Springboks driven by process, not settling scores
They won't be blinded by results. The Springboks, Uzair Cassiem insists, have a process and they're sticking to it.
That, depending how you look at it, is either deeply comforting or troubling.
Cassiem, who was last week ruled out for the rest of the season with a rib fracture in the clash against Australia, says while results are important the full embrace of their processes is paramount at this stage of the Springbok team's development.
"We put great stuff in place. We believe in the processes, systems and structures. It will reap the rewards. We've only been together for four months. The New Zealand and the Australian teams have been together for years. We are a new team and we are beginning to find our feet.
"It comes down to execution. That is the main thing. We've stepped up a level since last year," said Cassiem.
When asked if he felt their humiliation at the hands of the All Blacks in Albany was just an aberration, Cassiem said: "No, no, no. One shouldn't just look at the scoreboard. One should actually analyse the game. We did. Execution was a big point.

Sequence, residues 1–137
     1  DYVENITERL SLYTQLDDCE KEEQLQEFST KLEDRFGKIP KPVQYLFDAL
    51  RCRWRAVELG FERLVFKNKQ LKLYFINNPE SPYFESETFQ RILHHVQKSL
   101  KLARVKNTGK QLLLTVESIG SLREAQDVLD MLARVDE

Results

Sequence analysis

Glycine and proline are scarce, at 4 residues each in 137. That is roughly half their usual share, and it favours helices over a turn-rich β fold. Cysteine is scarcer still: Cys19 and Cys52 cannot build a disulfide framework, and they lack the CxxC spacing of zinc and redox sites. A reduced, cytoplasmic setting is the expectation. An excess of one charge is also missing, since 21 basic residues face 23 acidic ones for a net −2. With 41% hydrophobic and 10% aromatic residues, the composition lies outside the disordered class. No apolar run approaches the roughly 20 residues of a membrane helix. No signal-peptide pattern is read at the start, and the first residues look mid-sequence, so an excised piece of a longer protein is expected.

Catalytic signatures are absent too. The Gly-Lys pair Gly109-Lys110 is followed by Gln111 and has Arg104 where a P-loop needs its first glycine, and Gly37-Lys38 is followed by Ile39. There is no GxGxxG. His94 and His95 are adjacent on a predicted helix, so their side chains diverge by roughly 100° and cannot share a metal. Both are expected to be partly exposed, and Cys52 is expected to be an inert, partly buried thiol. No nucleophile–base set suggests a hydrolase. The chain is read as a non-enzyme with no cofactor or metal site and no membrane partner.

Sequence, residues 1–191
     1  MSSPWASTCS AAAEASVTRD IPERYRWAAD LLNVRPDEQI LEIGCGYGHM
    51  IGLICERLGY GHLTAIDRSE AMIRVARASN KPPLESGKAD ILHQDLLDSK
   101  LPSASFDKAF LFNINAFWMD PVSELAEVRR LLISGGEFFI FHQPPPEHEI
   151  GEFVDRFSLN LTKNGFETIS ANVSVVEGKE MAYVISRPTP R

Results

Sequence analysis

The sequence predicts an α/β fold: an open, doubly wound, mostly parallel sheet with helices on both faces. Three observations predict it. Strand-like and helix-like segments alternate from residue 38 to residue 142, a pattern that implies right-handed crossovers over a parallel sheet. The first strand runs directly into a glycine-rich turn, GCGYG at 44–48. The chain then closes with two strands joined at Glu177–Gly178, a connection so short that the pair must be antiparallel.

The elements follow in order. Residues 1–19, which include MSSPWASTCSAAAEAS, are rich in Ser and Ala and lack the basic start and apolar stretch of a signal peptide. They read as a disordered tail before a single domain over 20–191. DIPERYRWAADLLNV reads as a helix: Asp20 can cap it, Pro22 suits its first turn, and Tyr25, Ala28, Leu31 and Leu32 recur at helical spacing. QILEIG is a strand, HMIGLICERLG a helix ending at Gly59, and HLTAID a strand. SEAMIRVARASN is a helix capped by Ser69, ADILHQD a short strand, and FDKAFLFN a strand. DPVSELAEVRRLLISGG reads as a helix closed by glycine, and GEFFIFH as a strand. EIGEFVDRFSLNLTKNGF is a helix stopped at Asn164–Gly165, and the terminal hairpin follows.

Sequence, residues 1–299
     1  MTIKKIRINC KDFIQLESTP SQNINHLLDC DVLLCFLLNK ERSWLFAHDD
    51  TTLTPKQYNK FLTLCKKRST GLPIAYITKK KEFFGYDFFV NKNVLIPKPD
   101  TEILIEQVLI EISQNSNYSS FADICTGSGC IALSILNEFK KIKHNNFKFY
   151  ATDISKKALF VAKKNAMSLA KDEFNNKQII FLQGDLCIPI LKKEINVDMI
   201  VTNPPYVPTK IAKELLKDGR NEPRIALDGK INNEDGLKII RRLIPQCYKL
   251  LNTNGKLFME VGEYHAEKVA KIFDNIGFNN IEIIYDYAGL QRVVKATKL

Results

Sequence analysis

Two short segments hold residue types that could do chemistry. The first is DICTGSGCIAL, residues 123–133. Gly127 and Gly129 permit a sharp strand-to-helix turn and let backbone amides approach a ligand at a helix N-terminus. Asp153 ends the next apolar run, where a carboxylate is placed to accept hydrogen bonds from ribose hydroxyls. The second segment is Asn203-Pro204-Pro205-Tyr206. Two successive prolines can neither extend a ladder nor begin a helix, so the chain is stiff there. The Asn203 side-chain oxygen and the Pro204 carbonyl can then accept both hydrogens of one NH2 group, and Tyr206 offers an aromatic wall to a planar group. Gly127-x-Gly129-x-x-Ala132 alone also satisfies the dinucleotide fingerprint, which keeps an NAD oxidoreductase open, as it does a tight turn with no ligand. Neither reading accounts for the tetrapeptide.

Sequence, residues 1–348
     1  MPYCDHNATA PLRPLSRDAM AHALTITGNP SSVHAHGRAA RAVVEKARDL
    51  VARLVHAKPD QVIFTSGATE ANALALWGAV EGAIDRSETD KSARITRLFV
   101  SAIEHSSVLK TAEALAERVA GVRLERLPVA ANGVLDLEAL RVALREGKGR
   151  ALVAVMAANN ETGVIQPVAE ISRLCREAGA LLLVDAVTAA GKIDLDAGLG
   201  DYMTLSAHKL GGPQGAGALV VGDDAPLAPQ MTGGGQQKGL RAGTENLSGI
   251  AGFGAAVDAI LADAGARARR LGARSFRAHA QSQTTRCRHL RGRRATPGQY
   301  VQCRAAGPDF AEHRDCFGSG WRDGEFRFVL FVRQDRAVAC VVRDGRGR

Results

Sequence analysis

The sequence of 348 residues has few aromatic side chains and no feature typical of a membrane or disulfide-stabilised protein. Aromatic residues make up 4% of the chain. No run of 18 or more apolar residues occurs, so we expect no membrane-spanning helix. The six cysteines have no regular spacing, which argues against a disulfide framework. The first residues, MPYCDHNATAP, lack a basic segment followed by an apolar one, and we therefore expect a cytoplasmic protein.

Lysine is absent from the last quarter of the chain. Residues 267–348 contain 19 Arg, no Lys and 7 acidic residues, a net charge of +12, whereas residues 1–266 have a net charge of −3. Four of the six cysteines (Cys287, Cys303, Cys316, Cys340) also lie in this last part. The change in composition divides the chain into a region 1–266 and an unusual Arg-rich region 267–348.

"That is in the past. We don't talk about it. We forgot about it. We don't mention it. We have moved on."
Lots of energy but little synergy
Cassiem has also been required to make a massive step up. His career didn't look like it was going to take off but he, in a roundabout way, found himself in the Cheetahs' setup that marched to the Currie Cup title last year. While the team momentarily basked in the sun, Cassiem's glow lingered.
He got selected on the Springbok end-of-year tour and has been part of the mix since. He has operated in a more elevated role since regular captain Warren Whiteley has had to yield to injury. Although Cassiem's performances were built around grit, grind and energy, he has operated in a backrow that has lacked synergy.